What do you think is the link between your two main interests: music and technology?
I’ve always been interested in technology. Anyone who has made music in the last twenty years has had to get involved with tech. Especially if you’re a producer. There are many young kids who are downloading music software and messing around with it, and in the process becoming knowledgeable about music production and design. Science and math live right beside art.
I was also into web development when I was a teenager and was very interested in how the internet worked. This led into the work I’m doing with Holdersland. Technology, more often than not, is concerned with collaboration and communication. But in order to develop new technologies we often need to talk about nitty-gritty details. This requires detailed knowledge of particular technologies.
What is the great hope or promise with new decentralized technologies like blockchain or Urbit?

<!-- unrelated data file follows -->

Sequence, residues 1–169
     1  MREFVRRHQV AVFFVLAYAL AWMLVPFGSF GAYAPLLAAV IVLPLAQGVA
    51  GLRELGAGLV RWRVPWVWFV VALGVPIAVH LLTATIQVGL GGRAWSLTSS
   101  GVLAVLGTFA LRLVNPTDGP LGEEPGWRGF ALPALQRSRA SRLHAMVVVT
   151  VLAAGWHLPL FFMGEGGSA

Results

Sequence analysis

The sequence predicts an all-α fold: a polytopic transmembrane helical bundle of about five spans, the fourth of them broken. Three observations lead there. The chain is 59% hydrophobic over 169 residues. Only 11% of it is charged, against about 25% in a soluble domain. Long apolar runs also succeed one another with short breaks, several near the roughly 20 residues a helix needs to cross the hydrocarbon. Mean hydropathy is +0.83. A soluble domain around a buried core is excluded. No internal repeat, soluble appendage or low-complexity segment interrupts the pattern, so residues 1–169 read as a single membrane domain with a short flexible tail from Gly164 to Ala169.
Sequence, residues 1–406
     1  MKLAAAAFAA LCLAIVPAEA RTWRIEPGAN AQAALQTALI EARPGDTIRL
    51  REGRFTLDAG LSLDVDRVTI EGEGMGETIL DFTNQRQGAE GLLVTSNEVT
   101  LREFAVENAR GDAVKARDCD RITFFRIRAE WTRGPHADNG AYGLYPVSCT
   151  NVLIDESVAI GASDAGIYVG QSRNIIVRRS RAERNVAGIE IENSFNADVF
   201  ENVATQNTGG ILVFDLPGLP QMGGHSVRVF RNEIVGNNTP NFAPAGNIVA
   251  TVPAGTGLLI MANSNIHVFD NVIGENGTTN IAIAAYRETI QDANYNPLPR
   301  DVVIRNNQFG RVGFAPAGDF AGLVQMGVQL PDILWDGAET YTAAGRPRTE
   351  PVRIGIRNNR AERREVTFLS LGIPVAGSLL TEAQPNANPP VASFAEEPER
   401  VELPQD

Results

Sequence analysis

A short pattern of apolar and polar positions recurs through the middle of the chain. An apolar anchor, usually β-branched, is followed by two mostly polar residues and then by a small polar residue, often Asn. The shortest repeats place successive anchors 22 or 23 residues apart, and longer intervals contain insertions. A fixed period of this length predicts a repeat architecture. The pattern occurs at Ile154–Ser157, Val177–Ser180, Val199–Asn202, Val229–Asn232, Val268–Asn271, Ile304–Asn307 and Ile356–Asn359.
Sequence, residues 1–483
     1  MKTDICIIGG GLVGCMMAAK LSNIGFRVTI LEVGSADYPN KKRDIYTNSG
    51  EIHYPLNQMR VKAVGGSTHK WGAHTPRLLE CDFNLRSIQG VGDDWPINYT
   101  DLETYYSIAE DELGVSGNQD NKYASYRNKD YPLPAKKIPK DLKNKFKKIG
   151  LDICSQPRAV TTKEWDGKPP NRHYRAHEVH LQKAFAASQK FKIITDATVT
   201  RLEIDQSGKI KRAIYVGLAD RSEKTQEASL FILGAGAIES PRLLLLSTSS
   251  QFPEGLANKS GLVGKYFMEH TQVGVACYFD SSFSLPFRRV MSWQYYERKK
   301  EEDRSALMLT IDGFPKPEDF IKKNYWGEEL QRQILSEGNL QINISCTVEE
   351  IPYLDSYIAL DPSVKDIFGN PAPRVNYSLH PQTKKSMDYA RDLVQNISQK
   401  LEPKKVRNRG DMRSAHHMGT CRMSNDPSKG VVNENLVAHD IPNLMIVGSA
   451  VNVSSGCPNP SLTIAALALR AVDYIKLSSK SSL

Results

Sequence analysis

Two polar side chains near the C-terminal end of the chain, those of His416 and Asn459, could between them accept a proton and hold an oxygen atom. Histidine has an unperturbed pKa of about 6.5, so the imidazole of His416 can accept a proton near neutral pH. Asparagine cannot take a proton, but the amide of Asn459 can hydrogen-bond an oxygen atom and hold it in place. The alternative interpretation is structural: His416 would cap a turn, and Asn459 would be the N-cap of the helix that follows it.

They lower the barrier to communication and trade. Especially for countries like Barbados, we don’t have access to the world market. But now with these networks, and assets like NFTs, we can engage in commerce without borders. It allows new entrants to join the market.
It also allows new financial relationships and funding structures to emerge. Rather than have a few people contribute $20k, you can have hundreds of people contribute $100. Once again, this lowers the entry for people to invest is early-stage projects. This changes the way that companies build and ship products.
Brain drain is when skilled workers move abroad for more profitable employment. These new technologies allow native Carribeans to stay where they are while earning money. Using these new technologies, the Carribean can prosper while not losing its unique character and cultural identity. Crypto is permanently going to change the distribution of wealth and culture around the world.